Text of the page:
In December 2019, the BCCI had approached the Supreme Court of India
to modify its own judgement of 2018, which asked for several amendments to the cricket board's constitution. On September 14 this year, a two-judge bench of the Supreme Court - Justices DY Chandrachud and Hima Kohli - accepted a majority of those amendments
, thus rolling back to a large extent the reforms recommended by the RM Lodha committee in 2016, which were meant to revamp the BCCI's functioning and structure.
Here, ESPNcricinfo unpacks the court's judgment to explain the changes that will take effect after this latest update.
Note: The amendments were suggested by senior legal counsel Maninder Singh, who was the amicus curiae (an impartial advisor) for the case.
The constitution says that an office-bearer who has held any post for two consecutive terms (three years per term), at a state association or in the BCCI or a combination of the two, shall not be eligible to contest an election without completing a cooling-off period of three years. During the cooling-off period, the person cannot serve in any capacity at either the BCCI or at the state level.
The BCCI proposed that its two most powerful office-bearers - the president and the secretary - should be allowed to serve two consecutive terms solely at the BCCI before the cooling-off period kicks in. The person cannot return in any capacity during the hiatus and/or contest elections. And the remaining office-bearers (three) should be allowed to finish the maximum tenure of nine years (three consecutive terms) at one stretch.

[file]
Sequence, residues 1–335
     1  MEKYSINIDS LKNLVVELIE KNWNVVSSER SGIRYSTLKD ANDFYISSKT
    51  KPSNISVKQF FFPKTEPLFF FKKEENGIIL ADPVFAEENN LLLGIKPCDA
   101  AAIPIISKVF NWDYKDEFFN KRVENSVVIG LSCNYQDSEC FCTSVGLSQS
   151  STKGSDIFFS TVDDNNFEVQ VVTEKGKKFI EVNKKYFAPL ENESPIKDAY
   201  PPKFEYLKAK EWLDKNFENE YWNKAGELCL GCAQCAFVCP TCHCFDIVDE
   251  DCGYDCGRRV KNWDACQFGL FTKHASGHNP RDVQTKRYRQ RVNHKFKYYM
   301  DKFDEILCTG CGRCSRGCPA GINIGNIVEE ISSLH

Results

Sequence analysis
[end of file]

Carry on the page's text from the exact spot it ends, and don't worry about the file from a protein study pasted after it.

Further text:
Amendment: An office-bearer who has held any post for two consecutive terms in the BCCI shall not be eligible to contest any further election in the BCCI without completing a cooling-off period of three years. Also, if a person has served two consecutive terms each in a state association and in the BCCI, or vice versa, without any break (12 years in total), such person shall not be eligible to contest any further election in a state association or in the BCCI, without completing a cooling-off period of three years. While serving the cooling-off period, the person shall not be a member of any committee whatsoever of the BCCI or of a state association. The term "office-bearer" cannot be circumvented by allowing the person to be a member of a committee or of the BCCI governing council or any state association, as the case may be.
The court's rationale: The cooling-off period is neither "diluted" nor "abrogated" if the three-year break takes effect once the office-bearer has complete two consecutive terms at the same level in the BCCI or a state association.
The constitution says that a person can be disqualified from being an office-bearer or a member of the IPL governing council or any other board committee, or from being sent to the ICC as a BCCI representative, if s/he is one or more of: over 70 years of age; is insolvent or of unsound mind; has finished a cumulative period of nine years as office-bearer at the BCCI or a state association separately; is a government minister or government servant or holds public office; is part of any other sport's governing body; has been charged of criminal offence by a court of law.
The BCCI proposed that a different set of disqualification rules - one for the office-bearers and members of the board's apex council, and another for members of the IPL governing council and other board committees - be put in place.
With regards to the office-bearers and apex council members, the BCCI has retained some of the original rules, including the age cap of 70, but removed certain other criteria. These include holding public office, which the BCCI said was too wide a definition. It has also proposed that if an office-bearer has finished nine years cumulatively at a state association, s/he can still continue to serve at the BCCI. Also, being a member of another sport's administration should not be a deterrent, the BCCI said. And, if a person faces a criminal charge, s/he needs to be "convicted... and sentenced to imprisonment for a period not less than three years" to be disqualified.